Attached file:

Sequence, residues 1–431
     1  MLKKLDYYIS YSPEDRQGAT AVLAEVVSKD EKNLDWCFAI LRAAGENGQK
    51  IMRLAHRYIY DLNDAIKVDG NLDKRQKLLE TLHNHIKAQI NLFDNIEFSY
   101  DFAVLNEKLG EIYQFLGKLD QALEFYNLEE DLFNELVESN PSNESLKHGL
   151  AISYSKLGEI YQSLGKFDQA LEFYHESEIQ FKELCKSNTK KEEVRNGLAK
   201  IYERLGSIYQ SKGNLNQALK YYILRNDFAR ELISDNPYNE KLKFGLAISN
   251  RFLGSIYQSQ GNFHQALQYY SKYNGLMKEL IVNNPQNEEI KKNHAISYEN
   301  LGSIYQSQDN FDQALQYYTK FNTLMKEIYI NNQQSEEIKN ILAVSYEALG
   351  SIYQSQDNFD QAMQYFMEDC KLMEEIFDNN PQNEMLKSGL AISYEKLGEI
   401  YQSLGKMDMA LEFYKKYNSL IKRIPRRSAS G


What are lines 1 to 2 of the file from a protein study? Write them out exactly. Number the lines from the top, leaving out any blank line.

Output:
Sequence, residues 1–431
     1  MLKKLDYYIS YSPEDRQGAT AVLAEVVSKD EKNLDWCFAI LRAAGENGQK